Construction drones are making it possible for inspectors to more safely examine dangerous or hard-to-reach areas of construction sites. Rather than risk a potentially deadly climb up a rickety scaffolding to inspect a steel beam, an inspector can now keep both feet on the ground and send a construction drone instead. These highly maneuverable unmanned aerial vehicles (UAVs) are outfitted with high definition and multi-spectral cameras, which, in addition to increasing safety, give inspectors heightened abilities to detect anomalies or flaws. Building inspection software has also made the job easier and more efficient than ever. Accessible on mobile devices, software allows inspectors to eliminate paperwork, capture photos and videos during walkthroughs, and share reports across multiple platforms.
Meanwhile, changes in the climatological and political landscapes are poised to leave a lasting mark on how inspections are done in the future. Building inspectors in California, Illinois, and many other states have had to quickly learn how to apply existing building codes to new sites like cannabis facilities as marijuana and other controlled substances become legal across the US. This is just a snapshot of how building inspectors need to be able to ride the current as changes in the law create ripple effects downstream.
With sustainable construction trending upward, new inspection specialities may need to be created or old ones updated, as many of the buildings of tomorrow will be made with eco-friendly materials and integrated with renewable energy solutions like geothermal heating and cooling, as well as wind and solar power capabilities. Extreme weather events brought on by climate change may also affect the standards by which buildings are constructed from one region to the next, with some requiring greater flood readiness and others enhanced wildfire preparedness.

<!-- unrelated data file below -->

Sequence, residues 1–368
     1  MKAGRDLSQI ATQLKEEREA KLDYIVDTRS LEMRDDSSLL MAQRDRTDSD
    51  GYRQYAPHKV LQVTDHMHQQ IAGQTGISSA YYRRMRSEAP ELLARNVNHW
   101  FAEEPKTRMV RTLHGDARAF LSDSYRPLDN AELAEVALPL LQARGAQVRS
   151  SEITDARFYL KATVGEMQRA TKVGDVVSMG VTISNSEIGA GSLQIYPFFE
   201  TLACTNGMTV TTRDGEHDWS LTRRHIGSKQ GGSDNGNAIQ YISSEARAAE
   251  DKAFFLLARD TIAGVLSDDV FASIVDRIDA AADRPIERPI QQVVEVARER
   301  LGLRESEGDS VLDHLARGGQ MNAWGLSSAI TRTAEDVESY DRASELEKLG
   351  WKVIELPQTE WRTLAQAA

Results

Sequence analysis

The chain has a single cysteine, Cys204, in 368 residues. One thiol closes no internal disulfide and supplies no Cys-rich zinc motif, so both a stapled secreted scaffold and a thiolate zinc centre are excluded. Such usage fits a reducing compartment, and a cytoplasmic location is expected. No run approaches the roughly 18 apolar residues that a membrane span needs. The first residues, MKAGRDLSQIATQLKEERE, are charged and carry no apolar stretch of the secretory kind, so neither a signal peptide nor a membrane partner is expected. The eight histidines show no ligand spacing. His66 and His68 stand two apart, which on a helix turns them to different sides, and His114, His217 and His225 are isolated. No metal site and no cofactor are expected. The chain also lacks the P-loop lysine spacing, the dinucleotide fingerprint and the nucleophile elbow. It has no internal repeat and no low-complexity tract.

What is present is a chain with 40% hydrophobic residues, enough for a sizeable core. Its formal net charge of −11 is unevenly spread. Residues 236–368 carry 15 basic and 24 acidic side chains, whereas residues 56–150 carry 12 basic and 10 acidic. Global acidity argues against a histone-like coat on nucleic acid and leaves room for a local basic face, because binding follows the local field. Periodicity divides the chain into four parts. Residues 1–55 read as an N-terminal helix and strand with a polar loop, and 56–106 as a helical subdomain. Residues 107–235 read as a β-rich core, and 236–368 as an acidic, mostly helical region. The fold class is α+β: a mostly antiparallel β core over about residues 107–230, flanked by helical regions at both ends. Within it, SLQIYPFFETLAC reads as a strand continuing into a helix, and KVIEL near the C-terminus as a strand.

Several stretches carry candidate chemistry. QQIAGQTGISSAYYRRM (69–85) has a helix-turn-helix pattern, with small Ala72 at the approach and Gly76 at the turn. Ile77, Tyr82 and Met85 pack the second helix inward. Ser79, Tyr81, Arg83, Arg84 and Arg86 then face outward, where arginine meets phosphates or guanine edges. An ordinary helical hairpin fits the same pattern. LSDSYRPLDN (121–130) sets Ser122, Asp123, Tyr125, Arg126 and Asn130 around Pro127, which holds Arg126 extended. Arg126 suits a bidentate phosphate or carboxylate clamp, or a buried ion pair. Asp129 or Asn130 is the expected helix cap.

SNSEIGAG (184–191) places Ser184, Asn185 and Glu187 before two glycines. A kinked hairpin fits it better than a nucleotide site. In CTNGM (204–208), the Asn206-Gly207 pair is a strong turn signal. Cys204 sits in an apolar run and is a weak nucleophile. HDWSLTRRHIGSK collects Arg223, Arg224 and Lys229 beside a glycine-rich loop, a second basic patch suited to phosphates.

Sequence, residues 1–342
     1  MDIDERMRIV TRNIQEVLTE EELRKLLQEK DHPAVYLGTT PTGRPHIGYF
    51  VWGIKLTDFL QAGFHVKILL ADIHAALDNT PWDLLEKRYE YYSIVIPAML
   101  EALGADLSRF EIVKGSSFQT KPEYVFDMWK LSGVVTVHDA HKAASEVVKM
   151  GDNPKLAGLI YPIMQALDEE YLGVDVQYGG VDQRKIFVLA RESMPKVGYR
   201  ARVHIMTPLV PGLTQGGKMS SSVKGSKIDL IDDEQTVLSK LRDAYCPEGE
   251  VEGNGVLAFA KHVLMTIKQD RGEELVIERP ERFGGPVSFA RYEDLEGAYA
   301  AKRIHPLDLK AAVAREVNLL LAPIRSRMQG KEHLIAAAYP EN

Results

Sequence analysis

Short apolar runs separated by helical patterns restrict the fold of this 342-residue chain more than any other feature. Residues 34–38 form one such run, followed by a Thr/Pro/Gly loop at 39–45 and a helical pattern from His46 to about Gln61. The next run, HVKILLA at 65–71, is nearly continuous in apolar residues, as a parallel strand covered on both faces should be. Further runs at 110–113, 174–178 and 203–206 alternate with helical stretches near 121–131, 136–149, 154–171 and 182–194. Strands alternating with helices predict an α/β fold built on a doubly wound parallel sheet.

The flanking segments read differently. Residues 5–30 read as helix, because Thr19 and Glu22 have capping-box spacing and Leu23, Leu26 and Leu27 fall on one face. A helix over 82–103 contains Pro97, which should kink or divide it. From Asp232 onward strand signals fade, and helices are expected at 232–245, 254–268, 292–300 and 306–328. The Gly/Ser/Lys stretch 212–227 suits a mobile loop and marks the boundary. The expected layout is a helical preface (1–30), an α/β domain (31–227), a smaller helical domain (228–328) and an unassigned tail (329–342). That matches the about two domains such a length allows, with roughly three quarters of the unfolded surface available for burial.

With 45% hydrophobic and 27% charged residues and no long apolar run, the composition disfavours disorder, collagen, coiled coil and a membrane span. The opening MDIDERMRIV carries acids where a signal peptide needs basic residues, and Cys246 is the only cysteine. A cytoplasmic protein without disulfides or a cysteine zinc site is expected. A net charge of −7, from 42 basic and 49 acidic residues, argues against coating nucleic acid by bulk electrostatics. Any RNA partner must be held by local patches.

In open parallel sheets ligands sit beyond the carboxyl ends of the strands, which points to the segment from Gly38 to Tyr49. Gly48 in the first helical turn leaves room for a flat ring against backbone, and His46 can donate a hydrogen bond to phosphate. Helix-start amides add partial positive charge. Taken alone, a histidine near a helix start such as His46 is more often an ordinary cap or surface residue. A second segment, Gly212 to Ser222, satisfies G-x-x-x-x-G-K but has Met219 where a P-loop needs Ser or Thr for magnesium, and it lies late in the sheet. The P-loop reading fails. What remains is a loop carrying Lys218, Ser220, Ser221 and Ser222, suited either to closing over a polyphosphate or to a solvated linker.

In a nutshell, building codes and the inspectors who enforce them will need to adapt to the changing climate, our society’s adoption of sustainable building practices, and new laws like the legalization of marijuana. Thankfully, new tools like inspection software and construction drones are making the job easier than ever, though inspectors will still need to rely on their knowledge and communication skills above all else. Whatever the future may bring, construction and building inspectors of all specialties will remain critical to ensuring the health and safety of our buildings.
About the AuthorAs Group Marketing Manager for Milwaukee, Lisa leads the overall strategy for marketing and education for the One-Key app, pushing the team to deliver a better customer experience and grow the One-Key community. She brings over 18 years of experience in creative direction and marketing account management, representing iconic brands like Harley-Davidson prior to joining the One-Key team at Milwaukee. More Content By Lisa Martensen